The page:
During its two years of production, the 1941 Lincoln-Zephyr sold 17,756 units. With the exception of the 1931 AA truck, the Lincoln-Zephyr was the very first Ford vehicle to feature an all-steel roof. The car’s unibody construction was due to John Tjaarda’s (Zephyr’s designer) fascination with airplanes. It featured a low-rake windshield, integrated fenders, and a low drag coefficient. The 1941 Lincoln-Zephyr is an all-American car assembled at the Lincoln Assembly Plant in Detroit, Michigan.

Related: Find out what is, presumably, the only Vintage Ford Flathead V8 Mini Cooper

How much is the 1941 Lincoln-Zephyr worth today?

Lincoln-Zephyr cars were a commercial success. They accounted for a good portion of Lincoln vehicle sales in the 1930s and early 1940s. Lincoln didn’t build many Zephyrs for each model year, per se, but the models generated most of the list’s sales of the company each year.

The first model year Lincoln-Zephyr sold 15,000 units, or 80% of all Lincoln vehicle sales that year. The original MSRP of the most popular 1941 Lincoln-Zephyr trim – the 4-door sedan – was $1,493, approximately $29,521 in today’s money. In general, the versions had prices ranging from $1,430 to $1,800.

Wouldn’t it be nice to be able to shell out $29,000 for a premium luxury sedan, say a 2020 Lincoln Continental? We’d love that too, but the reality is $42,305; that’s the starting price of a new base 2020 Lincoln Continental. The price goes up to $70,205 for the Black Label Continental. Luckily, the 1941 Lincoln-Zephyr is an upscale classic that you can pick up for under $30,000 on a good day.

Visit ClassicCars.Com and you could find 1941 Lincoln-Zephyr sedans for as low as $29,995 or as high as $62,995. Nearly $70,000 is no joke, but given that this pre-war 2-door 5-seat coupe has about 12 that are said to still be intact around the world, the value of this car doesn’t add up. has only one trajectory – upwards.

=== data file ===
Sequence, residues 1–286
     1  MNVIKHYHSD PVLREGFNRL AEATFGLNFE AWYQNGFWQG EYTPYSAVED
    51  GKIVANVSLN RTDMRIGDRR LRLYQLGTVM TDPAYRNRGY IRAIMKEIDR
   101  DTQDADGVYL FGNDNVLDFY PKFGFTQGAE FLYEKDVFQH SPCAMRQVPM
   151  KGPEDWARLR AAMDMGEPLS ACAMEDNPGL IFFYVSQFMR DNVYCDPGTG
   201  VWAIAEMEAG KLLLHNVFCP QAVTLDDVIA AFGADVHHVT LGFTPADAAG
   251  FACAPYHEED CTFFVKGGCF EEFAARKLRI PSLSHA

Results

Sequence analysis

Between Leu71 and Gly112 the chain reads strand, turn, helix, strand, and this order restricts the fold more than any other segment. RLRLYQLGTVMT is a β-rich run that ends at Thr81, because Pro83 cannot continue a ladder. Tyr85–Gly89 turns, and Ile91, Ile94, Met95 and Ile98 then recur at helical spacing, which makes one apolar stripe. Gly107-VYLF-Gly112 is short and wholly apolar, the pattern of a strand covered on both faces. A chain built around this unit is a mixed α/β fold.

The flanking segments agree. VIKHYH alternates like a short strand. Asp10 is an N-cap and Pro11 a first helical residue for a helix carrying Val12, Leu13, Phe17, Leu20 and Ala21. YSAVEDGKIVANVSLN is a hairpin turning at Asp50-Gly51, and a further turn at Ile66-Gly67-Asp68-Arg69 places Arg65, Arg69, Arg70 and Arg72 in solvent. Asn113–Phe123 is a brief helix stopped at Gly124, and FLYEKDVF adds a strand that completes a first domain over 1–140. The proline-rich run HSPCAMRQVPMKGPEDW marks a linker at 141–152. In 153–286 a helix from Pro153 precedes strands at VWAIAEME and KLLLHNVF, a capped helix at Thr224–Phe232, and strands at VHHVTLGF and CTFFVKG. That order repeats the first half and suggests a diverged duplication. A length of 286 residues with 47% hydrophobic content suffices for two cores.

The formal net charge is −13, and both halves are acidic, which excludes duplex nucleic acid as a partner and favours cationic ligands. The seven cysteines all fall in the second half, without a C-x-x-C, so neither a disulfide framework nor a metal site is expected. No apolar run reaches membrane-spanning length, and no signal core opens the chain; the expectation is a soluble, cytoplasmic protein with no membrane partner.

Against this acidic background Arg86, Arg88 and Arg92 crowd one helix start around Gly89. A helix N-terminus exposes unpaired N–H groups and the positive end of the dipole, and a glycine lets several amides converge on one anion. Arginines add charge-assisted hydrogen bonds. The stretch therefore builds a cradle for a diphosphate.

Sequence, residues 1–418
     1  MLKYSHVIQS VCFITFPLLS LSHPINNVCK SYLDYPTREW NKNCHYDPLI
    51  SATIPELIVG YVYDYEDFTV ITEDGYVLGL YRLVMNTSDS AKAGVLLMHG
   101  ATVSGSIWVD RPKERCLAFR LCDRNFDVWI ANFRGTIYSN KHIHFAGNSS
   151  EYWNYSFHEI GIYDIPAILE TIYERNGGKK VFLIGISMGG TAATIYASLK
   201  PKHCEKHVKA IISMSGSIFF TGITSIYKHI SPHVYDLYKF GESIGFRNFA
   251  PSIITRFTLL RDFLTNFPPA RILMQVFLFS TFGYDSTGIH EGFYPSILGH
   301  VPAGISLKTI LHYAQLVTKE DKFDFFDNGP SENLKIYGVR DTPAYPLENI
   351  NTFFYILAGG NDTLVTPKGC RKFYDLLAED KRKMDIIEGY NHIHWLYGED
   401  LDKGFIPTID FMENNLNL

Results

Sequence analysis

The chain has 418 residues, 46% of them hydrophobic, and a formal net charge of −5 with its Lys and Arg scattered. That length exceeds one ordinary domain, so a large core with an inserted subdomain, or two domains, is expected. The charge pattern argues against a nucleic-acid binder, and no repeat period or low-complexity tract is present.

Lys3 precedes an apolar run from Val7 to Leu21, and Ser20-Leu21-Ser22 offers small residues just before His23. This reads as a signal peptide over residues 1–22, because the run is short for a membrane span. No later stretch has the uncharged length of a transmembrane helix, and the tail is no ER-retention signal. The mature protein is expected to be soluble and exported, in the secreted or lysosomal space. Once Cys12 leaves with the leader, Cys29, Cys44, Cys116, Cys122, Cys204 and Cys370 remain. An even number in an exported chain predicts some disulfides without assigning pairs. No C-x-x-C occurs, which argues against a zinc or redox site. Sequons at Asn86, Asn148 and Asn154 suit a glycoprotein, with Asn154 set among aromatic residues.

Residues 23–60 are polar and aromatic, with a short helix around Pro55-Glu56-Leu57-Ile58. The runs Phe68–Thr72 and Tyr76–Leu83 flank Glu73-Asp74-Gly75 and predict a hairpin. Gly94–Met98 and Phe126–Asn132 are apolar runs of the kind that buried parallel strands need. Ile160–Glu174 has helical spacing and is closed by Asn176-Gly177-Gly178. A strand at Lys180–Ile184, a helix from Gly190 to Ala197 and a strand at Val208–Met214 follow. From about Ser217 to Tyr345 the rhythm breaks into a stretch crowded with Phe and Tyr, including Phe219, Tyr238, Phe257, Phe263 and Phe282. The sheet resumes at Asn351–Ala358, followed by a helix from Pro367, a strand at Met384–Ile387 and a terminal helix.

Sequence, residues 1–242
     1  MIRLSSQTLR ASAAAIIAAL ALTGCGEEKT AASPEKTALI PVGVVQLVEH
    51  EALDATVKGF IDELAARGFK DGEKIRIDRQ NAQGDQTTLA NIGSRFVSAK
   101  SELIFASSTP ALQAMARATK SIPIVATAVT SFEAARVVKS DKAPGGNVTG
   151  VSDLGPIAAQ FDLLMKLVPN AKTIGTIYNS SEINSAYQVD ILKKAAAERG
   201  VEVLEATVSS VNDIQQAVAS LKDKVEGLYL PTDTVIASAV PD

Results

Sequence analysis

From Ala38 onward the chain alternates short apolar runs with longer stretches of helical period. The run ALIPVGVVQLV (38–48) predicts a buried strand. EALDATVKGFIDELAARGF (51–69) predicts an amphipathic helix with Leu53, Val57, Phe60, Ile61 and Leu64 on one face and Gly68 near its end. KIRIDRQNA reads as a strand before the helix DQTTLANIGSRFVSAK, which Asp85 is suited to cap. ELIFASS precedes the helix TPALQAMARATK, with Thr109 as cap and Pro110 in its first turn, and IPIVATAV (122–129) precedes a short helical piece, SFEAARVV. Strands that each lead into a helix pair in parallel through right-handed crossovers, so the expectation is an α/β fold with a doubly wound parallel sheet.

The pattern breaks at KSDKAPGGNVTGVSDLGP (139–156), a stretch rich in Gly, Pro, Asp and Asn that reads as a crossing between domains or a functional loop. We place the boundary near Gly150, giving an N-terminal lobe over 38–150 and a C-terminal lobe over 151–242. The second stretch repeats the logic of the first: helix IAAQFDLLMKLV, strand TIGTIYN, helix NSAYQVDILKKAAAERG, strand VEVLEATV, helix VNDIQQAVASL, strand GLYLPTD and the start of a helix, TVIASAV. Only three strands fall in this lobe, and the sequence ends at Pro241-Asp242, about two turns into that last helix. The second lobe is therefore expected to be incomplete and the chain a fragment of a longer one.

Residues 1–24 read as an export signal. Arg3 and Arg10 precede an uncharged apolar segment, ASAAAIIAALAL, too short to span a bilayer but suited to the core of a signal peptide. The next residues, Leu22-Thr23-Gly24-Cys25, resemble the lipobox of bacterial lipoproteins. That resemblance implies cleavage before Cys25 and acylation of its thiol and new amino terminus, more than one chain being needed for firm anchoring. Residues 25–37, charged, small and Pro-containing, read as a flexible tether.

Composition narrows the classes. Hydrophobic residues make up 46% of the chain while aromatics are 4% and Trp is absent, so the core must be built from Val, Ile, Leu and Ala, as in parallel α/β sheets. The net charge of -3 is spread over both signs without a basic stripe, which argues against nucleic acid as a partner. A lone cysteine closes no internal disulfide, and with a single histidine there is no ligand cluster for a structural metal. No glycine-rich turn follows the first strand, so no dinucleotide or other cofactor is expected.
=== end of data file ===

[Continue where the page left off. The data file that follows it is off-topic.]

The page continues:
Remember what we said about the 4-door 6-seat sedan being the top-selling version? That’s because Ford built over 14,000 of them, which means you’re more likely to nab a 1941 Lincoln-Zephyr 6-seat, 4-door coupe than a 2-door, 5-passenger coupe that doesn’t. produced only 178.

With the exception of the Brunn Lincoln-Zephyr Town Car, the 2-door coupe is the rarest 1941 Lincoln-Zephyr. Be careful, “rare” does not automatically translate to “best”. Want advice on your quest for a 1941 Lincoln-Zephyr or a rare classic? Conduct your own research based on your noble intentions (collecting) or your not-so-noble intentions (buying to sell for profit).

By the way, they resumed manufacturing the Zephyr. The modernized luxury brand is already past the concept stage, although the US market may have to wait a long time while the sedan appeals to the Chinese market.